Majority Of Intuit's Lobbying Dollars Spent Trying To Stop IRS From Making It Easier To File Your Taxes
from the death-and-taxes dept
There has been an effort underway these past few years to make tax season less stressful, less complicated, and less expensive for a large swath of Americans. These efforts have produced plans to make tax season "return free" for many, with pre-populated tax forms prepared by the government that can either be signed if accurate, or ignored if not with a separate filing then being produced by the person in question. That is, since the IRS already should have most of the details on how much you earned from the companies that paid you, it can send you a pre-filled out tax return document, rather than forcing everyone to redo the same work with the same documents hoping that you don't make some mistake that will make the IRS man mad. Again, for those who want to go a different way, they can. But for those who find the IRS's pre-filled documents to be okay, it will make tax filing significantly less of an issue. If you live outside the US, this may sound strange to you, because much of the rest of the world alread does it this way. In a recent episode of Planet Money, the analogy is made that the way we do taxes in the US would be like if credit card companies sent you a "bill" that was a blank sheet of paper, expecting you to fill out all your charges over the past month, and if you got anything wrong, you'd be punished. On taxes, most of the rest of the world the taxes are more like your credit card bill. In the US, it's more like a blank sheet of paper. And, as in years past, some are finally trying to fix things in the US.
This plan has unfortunately run into the extreme distrust of all things government currently weaving its way through America and the gobs and gobs of money from Intuit and H&R Block that is making corporate use of that fear. The lobbying efforts of the tax prep industry has been a multi-year campaign (we've been writing about it since at least 2010) in which money is given to politicians essentially to have them work directly against the interest of their constituents on the subject of paying taxes into the government. It's absolutely bonkers (and partially helped along by anti-tax groups saying that anything that makes paying taxes easier should be stopped because taxes are bad).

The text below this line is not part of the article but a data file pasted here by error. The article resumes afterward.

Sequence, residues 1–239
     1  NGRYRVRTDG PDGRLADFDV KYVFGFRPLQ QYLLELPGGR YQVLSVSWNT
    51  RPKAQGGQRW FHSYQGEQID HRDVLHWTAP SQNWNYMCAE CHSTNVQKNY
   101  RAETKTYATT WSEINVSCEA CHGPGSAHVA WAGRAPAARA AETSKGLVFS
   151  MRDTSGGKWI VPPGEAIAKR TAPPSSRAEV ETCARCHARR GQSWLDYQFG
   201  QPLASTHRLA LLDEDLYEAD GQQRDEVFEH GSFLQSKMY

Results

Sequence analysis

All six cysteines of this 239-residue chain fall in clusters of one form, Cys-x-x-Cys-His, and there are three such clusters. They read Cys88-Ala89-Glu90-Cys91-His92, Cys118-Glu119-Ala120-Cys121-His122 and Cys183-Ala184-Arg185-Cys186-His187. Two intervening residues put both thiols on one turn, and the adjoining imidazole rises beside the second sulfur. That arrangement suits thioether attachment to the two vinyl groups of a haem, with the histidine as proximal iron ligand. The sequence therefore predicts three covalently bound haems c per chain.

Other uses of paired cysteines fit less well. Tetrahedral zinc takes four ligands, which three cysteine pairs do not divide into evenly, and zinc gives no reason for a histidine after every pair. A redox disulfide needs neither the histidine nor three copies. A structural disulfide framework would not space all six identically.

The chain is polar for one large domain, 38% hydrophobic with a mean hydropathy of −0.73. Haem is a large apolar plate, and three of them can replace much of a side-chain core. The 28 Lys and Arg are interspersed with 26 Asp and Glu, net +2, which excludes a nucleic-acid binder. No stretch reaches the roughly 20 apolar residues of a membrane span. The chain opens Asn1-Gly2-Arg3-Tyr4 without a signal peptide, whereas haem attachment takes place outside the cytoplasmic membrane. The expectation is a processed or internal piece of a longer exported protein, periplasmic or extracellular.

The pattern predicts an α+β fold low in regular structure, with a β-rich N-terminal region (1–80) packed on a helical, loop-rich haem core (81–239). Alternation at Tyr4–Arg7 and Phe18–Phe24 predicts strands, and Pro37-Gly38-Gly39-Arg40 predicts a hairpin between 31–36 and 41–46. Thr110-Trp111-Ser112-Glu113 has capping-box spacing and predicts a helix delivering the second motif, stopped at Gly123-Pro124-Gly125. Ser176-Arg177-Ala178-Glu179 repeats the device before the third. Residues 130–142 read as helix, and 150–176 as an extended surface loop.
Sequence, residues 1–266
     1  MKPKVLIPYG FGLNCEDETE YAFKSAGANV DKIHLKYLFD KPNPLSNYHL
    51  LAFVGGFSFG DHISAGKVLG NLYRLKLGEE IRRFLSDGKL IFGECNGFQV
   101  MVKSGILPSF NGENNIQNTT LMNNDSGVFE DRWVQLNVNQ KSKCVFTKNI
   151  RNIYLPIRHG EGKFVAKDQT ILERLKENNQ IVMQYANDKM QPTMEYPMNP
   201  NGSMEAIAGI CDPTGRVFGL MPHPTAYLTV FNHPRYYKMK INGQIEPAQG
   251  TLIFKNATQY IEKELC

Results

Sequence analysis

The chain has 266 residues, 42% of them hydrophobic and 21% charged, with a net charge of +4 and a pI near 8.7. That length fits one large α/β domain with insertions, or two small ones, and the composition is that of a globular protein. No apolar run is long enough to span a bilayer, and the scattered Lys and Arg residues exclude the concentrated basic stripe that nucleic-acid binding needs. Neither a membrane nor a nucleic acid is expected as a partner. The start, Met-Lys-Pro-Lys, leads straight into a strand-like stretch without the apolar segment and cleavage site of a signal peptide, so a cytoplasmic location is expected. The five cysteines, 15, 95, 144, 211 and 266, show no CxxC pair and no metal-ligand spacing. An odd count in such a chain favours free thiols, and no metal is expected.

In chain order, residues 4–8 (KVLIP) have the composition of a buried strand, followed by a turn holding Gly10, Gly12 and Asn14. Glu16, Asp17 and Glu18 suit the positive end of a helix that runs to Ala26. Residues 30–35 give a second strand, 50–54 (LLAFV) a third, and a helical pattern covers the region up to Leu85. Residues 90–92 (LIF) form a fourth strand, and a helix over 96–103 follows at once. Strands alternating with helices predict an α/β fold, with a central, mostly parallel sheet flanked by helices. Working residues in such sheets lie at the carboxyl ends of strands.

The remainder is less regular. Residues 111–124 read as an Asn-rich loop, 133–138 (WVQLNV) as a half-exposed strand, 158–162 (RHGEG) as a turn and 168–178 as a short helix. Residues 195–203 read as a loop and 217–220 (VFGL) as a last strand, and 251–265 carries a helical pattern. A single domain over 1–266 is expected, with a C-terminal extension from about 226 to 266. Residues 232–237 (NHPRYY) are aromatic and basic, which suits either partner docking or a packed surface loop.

But since bonkers is quickly becoming SOP in our government, these lobbying efforts have only ramped up recently, with an increase in dollars spent likely correcting for how simple technology is making tax preparation for most Americans.
Intuit spent more than $2 million lobbying last year, much of it spent on legislation that would permanently bar the government from offering taxpayers prefilled returns. H&R Block spent $3 million, also directing some of their efforts towards the bill. Among the 60 co-sponsors of the bipartisan bill: then congressman and now Health and Human Services Secretary Tom Price.
The bill, called the Free File Act of 2016, looks on the surface to be consumer-friendly. It makes permanent a public-private partnership in which 13 private tax preparation companies — called the “Free File Alliance” —have offered free online tax filings to lower- and middle-income families. The Free File Alliance include both Intuit and H&R Block. But the legislation would also permanently bar the IRS from offering its own free alternative.
There's something especially cynical about a law that is dressed up as a benefit to consumers by creating corporate partnerships making free tax filings available to the constituency, but which likewise prohibit the government from making the collection of its own tax dues more efficient at the same time. This is essentially a jobs program for the tax prep industry, one which that industry has taken to lying to the public through sock puppets in lieu of showing any kind of gratitude. That the industry now has cabinet-level representatives in its bullpen likely means things aren't going to get better for millions of American any time soon.
The reason the industry wants its free filing options codified into law in this way is so that it can upsell the public into paid tax services that it would otherwise not buy and likely doesn't actually need.
In an emailed statement the Free File Alliance’s executive director, Tim Hugo, said that the alliance does not automatically push paid products to those that use the Free File program but the taxpayer does “have the option of ‘opting in’ to receive additional information and offers from the tax preparation company they have selected.”
He said that the lack of awareness of the program is “unfortunate,” and placed blame on the IRS. While the tax agency previously had a large budget to advertise the Free File program, “today that budget is $0, making it difficult to reach the general public,” he said.
While it is indeed a crying shame that the IRS budget to pimp private businesses to the public has been reduced in this manner, it's arguable more of a shame that lobbying money has kept tax season more complicated and costly than necessary. That the industry is spending money to keep a voluntary option for the public beyond reach in favor of upselling that same public is all the more so.